Summary: Living and Nonliving is actually five activities in one inquiry. In How Do I Observe My World?, students use their senses to record and collect data. In How Do I Classify Things in My World?, students practice classifying objects as living or nonliving. In Is it Real Or Pretend?, students group objects as real or pretend. In What is Living?, students discover the needs of living things. In What Is Living Outdoors?, students compare indoor and outdoor discoveries. The Family Page extends this learning to the community by inviting parents and students to classify living and nonliving things at home.
Part of this inquiry is designed to be an outdoor discovery that
can be extended to seasonal investigations.
Topics: characteristics and structure of life, diversity and
interdependence of living things.
Ohio Academic Standards Alignment: Ohio Academic Standards
Time Required: 45 minutes (How Do I Observe My
45 minutes (How Do I Classify Things in My
World?), 45 minutes (Is it Real Or
45 minutes (What is
Living?), 45 minutes (What Is Living
Time: 225-300 minutes.
Classification. The lessons introduce students to scientific classification by helping them
understand how scientists classify items in the world into two
groups: living things and nonliving things. They will learn these
characteristics through a variety of experiences. Students will
evaluate and classify by asking key questions.
Ideas to Reinforce During the Activity That Support Ohio Standards
- Living things have needs that must be met in order to survive.
The following acronyms may help reinforce these needs with your students.
- animals need SWAFS (Shelter, Water, Air, Food, Space)
- plants need LAWNS (Light, Air, Water, Nutrients, Space)
- Nonliving things do not have needs that must be met.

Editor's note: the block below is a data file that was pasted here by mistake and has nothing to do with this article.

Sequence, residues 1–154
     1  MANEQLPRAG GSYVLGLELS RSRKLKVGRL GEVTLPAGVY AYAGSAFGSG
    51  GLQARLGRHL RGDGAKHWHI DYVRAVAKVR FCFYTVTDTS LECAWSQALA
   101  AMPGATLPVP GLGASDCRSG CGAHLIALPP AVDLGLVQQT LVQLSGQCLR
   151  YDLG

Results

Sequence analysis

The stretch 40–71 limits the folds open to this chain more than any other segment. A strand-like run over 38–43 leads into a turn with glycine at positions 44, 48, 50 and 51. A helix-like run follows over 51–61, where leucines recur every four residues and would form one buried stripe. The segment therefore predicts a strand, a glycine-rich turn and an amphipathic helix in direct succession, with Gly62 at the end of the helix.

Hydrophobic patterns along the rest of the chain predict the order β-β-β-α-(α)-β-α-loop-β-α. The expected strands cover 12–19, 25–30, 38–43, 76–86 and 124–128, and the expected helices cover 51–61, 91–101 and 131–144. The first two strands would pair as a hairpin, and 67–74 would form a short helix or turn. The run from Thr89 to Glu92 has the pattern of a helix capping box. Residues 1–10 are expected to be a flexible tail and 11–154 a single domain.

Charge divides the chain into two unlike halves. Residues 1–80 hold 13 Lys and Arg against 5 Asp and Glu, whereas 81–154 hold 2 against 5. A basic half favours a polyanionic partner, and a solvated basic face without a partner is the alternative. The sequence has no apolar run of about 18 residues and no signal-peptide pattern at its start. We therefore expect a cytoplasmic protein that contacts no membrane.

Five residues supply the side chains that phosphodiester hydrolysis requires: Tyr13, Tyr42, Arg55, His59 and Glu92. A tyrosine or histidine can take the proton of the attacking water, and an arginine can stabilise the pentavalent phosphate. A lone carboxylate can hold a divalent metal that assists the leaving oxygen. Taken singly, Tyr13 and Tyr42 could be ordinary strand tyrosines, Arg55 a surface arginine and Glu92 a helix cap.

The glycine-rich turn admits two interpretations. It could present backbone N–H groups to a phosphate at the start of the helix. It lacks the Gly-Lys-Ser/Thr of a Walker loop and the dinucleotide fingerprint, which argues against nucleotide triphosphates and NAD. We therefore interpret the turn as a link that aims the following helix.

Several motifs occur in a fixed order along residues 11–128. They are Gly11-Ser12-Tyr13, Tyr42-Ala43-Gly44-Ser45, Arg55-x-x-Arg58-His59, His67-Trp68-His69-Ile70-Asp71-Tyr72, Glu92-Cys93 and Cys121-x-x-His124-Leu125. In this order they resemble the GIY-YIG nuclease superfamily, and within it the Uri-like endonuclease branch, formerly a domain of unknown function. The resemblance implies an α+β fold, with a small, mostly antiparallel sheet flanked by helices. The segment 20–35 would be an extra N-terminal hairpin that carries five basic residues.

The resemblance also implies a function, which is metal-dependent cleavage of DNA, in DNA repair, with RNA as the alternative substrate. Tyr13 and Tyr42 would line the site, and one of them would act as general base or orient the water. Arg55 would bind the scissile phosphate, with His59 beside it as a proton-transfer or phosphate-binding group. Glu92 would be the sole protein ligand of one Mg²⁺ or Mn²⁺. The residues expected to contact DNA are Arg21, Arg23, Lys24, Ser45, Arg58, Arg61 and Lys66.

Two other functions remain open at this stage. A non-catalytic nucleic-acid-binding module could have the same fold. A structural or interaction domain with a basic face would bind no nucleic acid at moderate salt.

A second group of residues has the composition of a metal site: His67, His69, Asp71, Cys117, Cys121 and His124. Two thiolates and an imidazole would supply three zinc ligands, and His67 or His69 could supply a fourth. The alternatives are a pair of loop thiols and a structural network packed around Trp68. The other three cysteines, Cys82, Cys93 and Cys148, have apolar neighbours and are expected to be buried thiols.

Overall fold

- Pretend things (imaginary play with stuffed animals, cartoons) do not have needs that must be met.
- Classify means to sort into groups with similar characteristics.
- Predict means to make a "thinking" guess rather than a guess based on impulse.
- Habitat means the place or environment where a plant or animal naturally grows.
- Scientists observe and record things in our world.
- A scientific method is a process of investigation that starts with a question and follows a set of repeatable steps to find an answer. In this investigation the following steps are used:
- Tell about our world
Strategies for Success in the Classroom. The following are general guidelines for ensuring optimal student success in learning through proven instructional strategies.
- Pre instructional Strategies used by the teacher are
important for primary inquiry lessons because they improve student
- Communicate behavioral objectives to the class prior to
beginning the lesson
- Focus on science safety issues concerning behavior, care of
equipment, and observing living things
- Communicate and review procedures for each inquiry
- Provide an anticipatory set to engage students
- State the learning goals and concepts before, during, and after
- Provide graphic organizers that relate what is to be
learned to what is already known
- Questioning Strategies used by the teacher help
focus students on inquiry and science discovery.
the levels of questions asked, progressing from knowledge-level
questions to comprehension, analysis, and application
- Use wait time by pausing three to five seconds after asking a
question and after the student response is given
- Allow opportunity for students to verbalize and talk to each
other about newly learned concepts
- Emphasize that observation and inquiry leads to new questions to
- Modifying materials helps primary students
- Rewrite materials for specific reading levels
- Adapt lessons to meet the needs of all exceptionalities
- Provide directions that reach all learning modalities
- graphic organizers
- Providing manipulatives allows students to be
involved with physical discovery.
- Hands-on involvement makes concepts more concrete
- Manipulatives should be relative to their world
- Inquiry Teaching Techniques help students
assume responsibility for learning objectives.
- Inquiry lessons encourage students to observe and answer
- Guided discoveries help primary students progress through
the levels of investigation
- Inductive laboratories generate new questions during
- Information Gathering
- Students will demonstrate good explanations based on
evidence gathered from investigations
- Students will draw and/or describe things as accurately as
possible when making observations
- Partner-Pair Share
- Students will be assigned a partner to share
observations, materials, ideas, and reflections